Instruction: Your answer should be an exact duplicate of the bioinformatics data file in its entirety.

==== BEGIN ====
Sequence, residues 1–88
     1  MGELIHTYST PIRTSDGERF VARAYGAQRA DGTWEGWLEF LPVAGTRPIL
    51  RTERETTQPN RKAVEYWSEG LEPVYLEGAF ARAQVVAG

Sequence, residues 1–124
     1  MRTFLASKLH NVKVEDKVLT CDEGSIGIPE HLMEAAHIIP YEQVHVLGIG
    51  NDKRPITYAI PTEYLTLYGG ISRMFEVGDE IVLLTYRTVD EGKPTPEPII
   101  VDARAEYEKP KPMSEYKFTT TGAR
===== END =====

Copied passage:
Sequence, residues 1–88
     1  MGELIHTYST PIRTSDGERF VARAYGAQRA DGTWEGWLEF LPVAGTRPIL
    51  RTERETTQPN RKAVEYWSEG LEPVYLEGAF ARAQVVAG

Sequence, residues 1–124
     1  MRTFLASKLH NVKVEDKVLT CDEGSIGIPE HLMEAAHIIP YEQVHVLGIG
    51  NDKRPITYAI PTEYLTLYGG ISRMFEVGDE IVLLTYRTVD EGKPTPEPII
   101  VDARAEYEKP KPMSEYKFTT TGAR